View from the pit
We try harder: Now that Sacramento is being vilified on a daily basis by a bizarre array of recall candidates—Arnold is promising to clean and pump Sacramento up, and Gary Coleman is terrified that if he wins, he’ll have to go live in “the armpit of California”—here’s a little more fuel for our failing self-image. Sacramento has just been named the 11th “meanest” city in the country.
Conducted by the National Coalition for the Homeless, the report ranks 147 cities, with Sacramento being not quite as mean as New Orleans but not quite as nice as Milwaukee. It does cite some improvement in recent river sweeps by police—no more kicking people or brandishing of guns—but that’s still not enough to get us out of that top 10 percent.
California, meanwhile, was named the meanest state, with Florida coming in second. So, if you’re one of the unprecedented number of Americans who are considering homelessness as a viable career alternative, you’ve been warned.
Emperor’s new clothes: Bites should have seen this one coming the moment Tom Delay started fantasizing about the commander-in-thief before an audience of college Republicans: “To try to gauge just how out of touch the Democrat leadership is on the war on terror,” declared the House majority leader, “just close your eyes and try to imagine Ted Kennedy landing that Navy jet on the deck of that aircraft carrier. I don’t know about you, but I certainly don’t want to see Teddy Kennedy in a Navy flight suit anytime soon.”
Never mind the fact that—his military-drag act notwithstanding—passenger George “AWOL” Bush had no part in “landing that Navy jet on the deck of that aircraft carrier.” It was only a matter of time before that most opportunistic of photo ops was distorted into the stuff of revisionist history.
To wit: KB Toys is already taking pre-orders for the September 15 release of the “George W. Bush Elite Force Aviator” action figure, which the company’s Web site describes as “a meticulous 1:6-scale recreation of President George W. Bush’s historic landing on the USS Abraham Lincoln.” Attired in full naval-aviator flight equipment, the little guy struts his stuff complete with “oxygen mask, survival vest, g-pants, parachute harness and more” (keg of beer and stash of coke not included).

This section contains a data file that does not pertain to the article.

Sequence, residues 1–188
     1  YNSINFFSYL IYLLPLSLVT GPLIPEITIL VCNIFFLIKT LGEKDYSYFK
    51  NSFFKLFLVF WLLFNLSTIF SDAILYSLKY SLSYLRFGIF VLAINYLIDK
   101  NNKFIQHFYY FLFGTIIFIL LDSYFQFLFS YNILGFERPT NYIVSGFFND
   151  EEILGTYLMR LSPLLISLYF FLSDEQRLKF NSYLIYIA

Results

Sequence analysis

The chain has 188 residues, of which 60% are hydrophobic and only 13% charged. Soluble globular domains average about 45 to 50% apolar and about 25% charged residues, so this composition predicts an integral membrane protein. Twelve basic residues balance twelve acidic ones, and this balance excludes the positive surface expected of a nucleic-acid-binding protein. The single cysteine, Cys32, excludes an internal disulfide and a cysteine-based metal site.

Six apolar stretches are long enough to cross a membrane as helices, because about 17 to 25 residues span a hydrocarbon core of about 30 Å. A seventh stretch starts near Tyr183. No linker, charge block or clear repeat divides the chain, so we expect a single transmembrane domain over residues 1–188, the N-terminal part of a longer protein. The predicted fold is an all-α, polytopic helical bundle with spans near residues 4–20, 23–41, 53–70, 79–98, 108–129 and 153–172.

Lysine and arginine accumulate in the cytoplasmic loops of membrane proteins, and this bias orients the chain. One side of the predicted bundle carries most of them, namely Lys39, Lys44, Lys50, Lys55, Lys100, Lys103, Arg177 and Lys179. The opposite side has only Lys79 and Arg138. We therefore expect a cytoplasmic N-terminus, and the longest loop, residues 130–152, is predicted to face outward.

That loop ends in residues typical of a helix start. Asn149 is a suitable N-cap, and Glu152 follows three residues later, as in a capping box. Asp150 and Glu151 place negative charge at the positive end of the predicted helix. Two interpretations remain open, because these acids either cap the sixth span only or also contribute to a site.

To celebrate this Orwellian delight, Bites has devised a very special contest for SN&R readers. Just tell us, in 75 words or less, exactly what you would do with your George W. Bush Elite Aviator action figure. The grand prize—a George Bush action figure—will be awarded for what Bites considers the most creative, original or disturbing entry. Runners-up will receive the honor of having their responses published in a future column or turned over to the Department of Homeland Security—possibly both.
Send your entry to BUSH BITES CONTEST, 1015 20th Street, Sacramento, CA 95814. Or, e-mail it to email@example.com. And always remember to void where prohibited.
Move on: “Is McClatchy Different?” That’s the headline on an article by Susan Paterno in the August issue of the American Journalism Review, which provides an interesting look at the history of the Sacramento-based publishing empire. The article concludes that McClatchy—the company that owns the three Bees (Sacramento, Fresno and Modesto) as well as eight other dailies across the country—has slipped to some degree from its early ideals but is still a better parent than the other chains.
“I’d rather my paper be bought by McClatchy than Gannett or Knight Ridder any day of the week,” says Bee reporter turned Columbia professor Dale Maharidge in the article. Still, the Pulitzer Prize-winning journalist speculates that the chain has a “collective mindset on top, as if there’s a bar the bigs cannot or do not want to rise above. My advice to young journalists is: Yes, go to McClatchy for three or four years, five tops, and then move on. If they are good, that is about the point they will outgrow the mindset of management.”
In light of this, Bites has begun to see Dan Weintraub’s work in a whole new light. We’ll miss you, Dan, but all of Sacramento understands that a talent like yours needs to, you know, move on.